An adult Boreal Toad

Boreal Toad Recovery

The boreal toad is listed as a Colorado state threatened species. Chyrid fungus causes an infectious disease that affects amphibian species worldwide and has reduced boreal toad populations across its range. Colorado Fish and Wildlife Conservation Office staff assists Colorado Parks and Wildlife with boreal toad breeding surveys and tadpole re-introduction around the state. Toad eggs are collected from breeding sites in early summer and raised in the Colorado Parks and Wildlife Native Species Research Facility to the tadpole and toadlet stage. They are released at selected sites across the state to re-establish historic breeding sites.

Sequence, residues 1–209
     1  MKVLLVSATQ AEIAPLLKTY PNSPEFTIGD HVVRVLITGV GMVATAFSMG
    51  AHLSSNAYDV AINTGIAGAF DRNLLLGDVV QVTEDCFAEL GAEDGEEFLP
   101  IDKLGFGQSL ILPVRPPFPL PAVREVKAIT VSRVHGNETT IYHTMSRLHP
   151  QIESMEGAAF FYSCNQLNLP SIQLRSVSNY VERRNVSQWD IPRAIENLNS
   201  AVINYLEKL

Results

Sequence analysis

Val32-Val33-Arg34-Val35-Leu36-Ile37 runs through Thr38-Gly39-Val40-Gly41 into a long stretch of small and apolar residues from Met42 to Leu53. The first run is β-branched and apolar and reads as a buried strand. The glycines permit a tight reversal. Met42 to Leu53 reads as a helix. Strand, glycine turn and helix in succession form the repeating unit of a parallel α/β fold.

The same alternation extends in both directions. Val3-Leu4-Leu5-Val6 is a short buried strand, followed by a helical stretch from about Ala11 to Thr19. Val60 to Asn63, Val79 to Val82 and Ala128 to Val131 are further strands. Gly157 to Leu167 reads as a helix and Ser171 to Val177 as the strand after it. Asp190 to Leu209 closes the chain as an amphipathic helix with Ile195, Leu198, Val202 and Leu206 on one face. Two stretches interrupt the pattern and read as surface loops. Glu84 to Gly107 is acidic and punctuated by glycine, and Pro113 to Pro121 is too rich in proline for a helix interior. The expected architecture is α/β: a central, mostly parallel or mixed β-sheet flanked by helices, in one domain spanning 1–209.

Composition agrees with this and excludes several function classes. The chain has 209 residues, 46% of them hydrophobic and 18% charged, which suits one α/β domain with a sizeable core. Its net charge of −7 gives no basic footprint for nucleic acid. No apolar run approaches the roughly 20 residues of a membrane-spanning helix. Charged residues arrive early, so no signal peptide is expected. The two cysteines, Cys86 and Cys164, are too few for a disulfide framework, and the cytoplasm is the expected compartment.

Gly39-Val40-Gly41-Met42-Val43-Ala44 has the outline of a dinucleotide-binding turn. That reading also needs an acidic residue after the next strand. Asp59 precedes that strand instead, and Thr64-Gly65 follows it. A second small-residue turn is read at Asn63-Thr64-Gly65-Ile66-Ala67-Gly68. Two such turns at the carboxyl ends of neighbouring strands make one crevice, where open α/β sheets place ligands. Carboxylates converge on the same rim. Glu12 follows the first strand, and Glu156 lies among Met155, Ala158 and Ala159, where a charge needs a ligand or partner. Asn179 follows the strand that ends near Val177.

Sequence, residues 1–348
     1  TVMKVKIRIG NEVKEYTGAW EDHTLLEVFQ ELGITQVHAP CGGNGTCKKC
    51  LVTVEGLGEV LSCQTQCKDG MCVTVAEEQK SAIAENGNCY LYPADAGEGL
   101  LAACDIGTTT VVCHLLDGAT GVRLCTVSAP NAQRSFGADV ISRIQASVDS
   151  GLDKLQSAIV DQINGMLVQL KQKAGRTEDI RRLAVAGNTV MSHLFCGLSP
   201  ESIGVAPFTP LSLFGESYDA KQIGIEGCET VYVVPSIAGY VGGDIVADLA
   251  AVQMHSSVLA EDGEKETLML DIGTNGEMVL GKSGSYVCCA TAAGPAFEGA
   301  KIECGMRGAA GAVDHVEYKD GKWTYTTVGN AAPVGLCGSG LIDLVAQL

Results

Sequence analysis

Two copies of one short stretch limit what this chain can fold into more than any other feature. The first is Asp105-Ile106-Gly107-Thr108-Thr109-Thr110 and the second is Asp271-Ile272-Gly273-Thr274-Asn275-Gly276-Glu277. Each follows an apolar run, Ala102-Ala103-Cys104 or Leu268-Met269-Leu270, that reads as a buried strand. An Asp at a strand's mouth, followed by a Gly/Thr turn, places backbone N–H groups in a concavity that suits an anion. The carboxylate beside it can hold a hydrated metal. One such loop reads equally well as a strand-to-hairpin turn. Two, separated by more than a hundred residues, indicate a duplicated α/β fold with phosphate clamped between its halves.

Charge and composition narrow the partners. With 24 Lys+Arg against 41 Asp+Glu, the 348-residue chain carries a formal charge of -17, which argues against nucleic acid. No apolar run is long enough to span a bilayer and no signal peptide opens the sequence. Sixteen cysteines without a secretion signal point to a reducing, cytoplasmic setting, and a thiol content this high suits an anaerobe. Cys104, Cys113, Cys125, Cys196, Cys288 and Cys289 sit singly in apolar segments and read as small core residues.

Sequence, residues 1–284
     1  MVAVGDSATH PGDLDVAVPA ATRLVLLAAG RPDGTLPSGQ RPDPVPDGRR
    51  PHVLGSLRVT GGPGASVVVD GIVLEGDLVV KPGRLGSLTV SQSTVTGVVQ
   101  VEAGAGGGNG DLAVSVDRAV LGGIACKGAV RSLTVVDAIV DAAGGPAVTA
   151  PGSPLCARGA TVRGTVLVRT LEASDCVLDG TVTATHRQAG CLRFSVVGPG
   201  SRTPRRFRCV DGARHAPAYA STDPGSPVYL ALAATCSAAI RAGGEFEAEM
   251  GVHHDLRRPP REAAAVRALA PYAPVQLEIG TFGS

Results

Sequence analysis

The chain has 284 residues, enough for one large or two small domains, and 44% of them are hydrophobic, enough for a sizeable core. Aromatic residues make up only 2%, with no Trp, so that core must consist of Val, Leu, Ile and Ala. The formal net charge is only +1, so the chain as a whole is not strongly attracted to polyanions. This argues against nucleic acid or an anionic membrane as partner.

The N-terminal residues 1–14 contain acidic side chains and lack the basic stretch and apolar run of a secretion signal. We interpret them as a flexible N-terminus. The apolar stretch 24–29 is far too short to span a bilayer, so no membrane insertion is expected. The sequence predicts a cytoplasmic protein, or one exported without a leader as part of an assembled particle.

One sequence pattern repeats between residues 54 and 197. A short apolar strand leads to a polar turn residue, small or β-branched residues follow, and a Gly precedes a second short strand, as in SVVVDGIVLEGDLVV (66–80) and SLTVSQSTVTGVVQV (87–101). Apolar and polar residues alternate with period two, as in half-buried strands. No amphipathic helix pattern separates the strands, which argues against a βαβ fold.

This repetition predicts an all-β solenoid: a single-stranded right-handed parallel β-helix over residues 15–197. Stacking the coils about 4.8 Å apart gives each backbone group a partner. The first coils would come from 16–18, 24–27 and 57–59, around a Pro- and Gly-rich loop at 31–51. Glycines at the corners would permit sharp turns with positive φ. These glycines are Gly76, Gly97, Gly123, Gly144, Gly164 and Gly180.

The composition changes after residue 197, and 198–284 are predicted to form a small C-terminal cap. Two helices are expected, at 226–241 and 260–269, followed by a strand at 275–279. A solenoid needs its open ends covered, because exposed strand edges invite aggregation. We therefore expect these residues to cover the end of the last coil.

Our staff attends the annual Boreal Toad Recovery Team meeting. Topics discussed include further spread of chytrid fungus and reduced population numbers range wide. However, promising research on chytrid resistance and chytrid-specific bacteria that fights off the fungus may help stabilize populations in the future.

Learn more about boreal toad recovery here!



Juvenile Northern Pike in aquarium at Gavins Point National Fish Hatchery, South Dakota
The Fish and Aquatic Conservation program leads aquatic conservation efforts for the U.S. Fish and Wildlife Service. We are committed to tackling the nation’s highest priority aquatic conservation and recreational challenges to conserve, restore, and enhance fisheries for future generations.